Our magazine for the 2021 Hankook 12H CIRCUIT PAUL RICARD is now available for digital download. This month, we take a look back at the previous editions of the Hankook 24H CIRCUIT PAUL RICARD, revisit one of the most dramatic race finales in 24H SERIES history, and speak with one of our latest teams to sign up for the full season. All that and more in this month’s magazine.
Next weekend, the 24H SERIES powered by Hankook makes a welcome return to Circuit Paul Ricard for round three of the 2021 season.
Located in La Castellet in the Provence-Alpes-Côte d'Azur region of southern France, Circuit Paul Ricard was commissioned by its namesake – pastis magnate Paul Ricard – in 1969, with both four-time Le Mans winner Henri Pescarolo and Grand Prix winner Jean-Pierre Beltoise signed on as consultants. Opened on 19 April 1970, the circuit went on to secure the rights to host the Formula 1 French Grand Prix just one year later over the aging Circuit de Charade and Rouen-Les-Essarts, and would host the French GP 14 times across the next two decades. The 500cc Grand Prix de France was also a popular (if intermittent) fixture at Circuit Paul Ricard between 1973 and 1999 before the event later found a permanent home at Le Mans in 2000.
Every great Grand Prix venue endures its fair share of controversy however, and the tragic passing of two-time Grand Prix winner Elio de Angelis at Paul Ricard during a mid-season test for Brabham in 1986 contributed heavily to F1’s relocation to Magny-Cours for 1991. A lack of investment for the once considered ‘most modern motorsport facility’ would, ironically, end up costing the circuit dearly.
Despite this, and after being sold to Excelis – a conglomerate then-owned by F1 supremo Bernie Ecclestone – in the late ‘90s, the newly renamed Paul Ricard High Tech Test Track was rebuilt, renovated or repurposed as an advanced testing facility during the early 2000s, eventually leading to its FIA homologation being returned in 2006. The now renamed Circuit Paul Ricard was courting racing series just three years later, with the European Le Mans Series and the World Touring Car Championship among the more high-profile returnees to Le Castellet before F1’s eventual ‘homecoming’ in 2018. Prior to that, a two-month refurbishment took place, including more than 10,000 tons of asphalt being used to resurface the entire track and pitlane, as well as updates to the pit and paddock complex.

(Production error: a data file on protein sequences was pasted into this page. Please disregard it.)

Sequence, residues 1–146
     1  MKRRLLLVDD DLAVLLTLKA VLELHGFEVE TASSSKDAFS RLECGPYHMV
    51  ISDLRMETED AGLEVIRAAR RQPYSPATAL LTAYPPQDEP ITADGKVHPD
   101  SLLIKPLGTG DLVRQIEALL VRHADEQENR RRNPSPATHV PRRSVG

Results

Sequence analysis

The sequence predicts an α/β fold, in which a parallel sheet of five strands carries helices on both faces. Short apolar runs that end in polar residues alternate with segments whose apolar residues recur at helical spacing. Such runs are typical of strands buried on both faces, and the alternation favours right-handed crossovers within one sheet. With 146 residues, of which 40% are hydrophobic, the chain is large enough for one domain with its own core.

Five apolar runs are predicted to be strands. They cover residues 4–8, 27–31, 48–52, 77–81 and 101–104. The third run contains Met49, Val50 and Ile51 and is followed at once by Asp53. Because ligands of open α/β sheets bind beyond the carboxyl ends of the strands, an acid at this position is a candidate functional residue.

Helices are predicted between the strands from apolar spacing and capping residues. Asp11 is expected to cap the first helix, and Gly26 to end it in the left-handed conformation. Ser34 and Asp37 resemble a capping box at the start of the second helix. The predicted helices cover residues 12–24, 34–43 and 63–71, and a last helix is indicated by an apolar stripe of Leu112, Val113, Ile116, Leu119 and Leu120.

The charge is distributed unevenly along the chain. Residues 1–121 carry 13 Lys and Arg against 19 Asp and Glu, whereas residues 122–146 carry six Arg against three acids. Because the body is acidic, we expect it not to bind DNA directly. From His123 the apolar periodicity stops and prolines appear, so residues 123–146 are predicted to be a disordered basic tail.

Between 2015 and 2017, the Hankook 24H CIRCUIT PAUL RICARD, organized by CREVENTIC, was another annual fixture on the French circuit’s calendar. Don’t let that three-year heritage fool you though: as we revisit with the help of Herberth Motorsport’s Robert Renauer, Autorama Motorsport by Wolf-Power Racing’s Stefan Tanner and CP Racing’s Joe Foster, CREVENTIC’s endurance event at Paul Ricard has featured its fair share of drama.
This month, we also catch up with two-time 24 Hours of Le Mans winner and Rutronik ambassador Manuel Reuter, who discusses Rutronik Racing’s maiden CREVENTIC outing at Mugello as well as the team’s ambitions ahead of its first full 24H SERIES campaign on p19. What else happened at Mugello? You can check out the previous round’s highlights HERE and the thoughts of radiolemans.com’s Joe Bradley.
Former Overall GT Teams’ champion Scuderia Praha made its return to the 24H SERIES at Mugello, and we caught up with team leader Josef Kral for his memories on one of the series’ closest finishes ever. Oh, and if you want to know why Mathieu Detry enjoys street circuits and what ‘Northproof’ means to former Overall TCE Drivers’ champion Kari-Pekka Laaksonen, you can check out their respective Under the Lid Q&As.
Before the racing gets underway, we’d like to thank our legion of fans around the world, our competitors, our sponsors and partners, everyone in race control, all of the marshals, and the management and staff at Circuit Paul Ricard for making an event four years in the making a reality.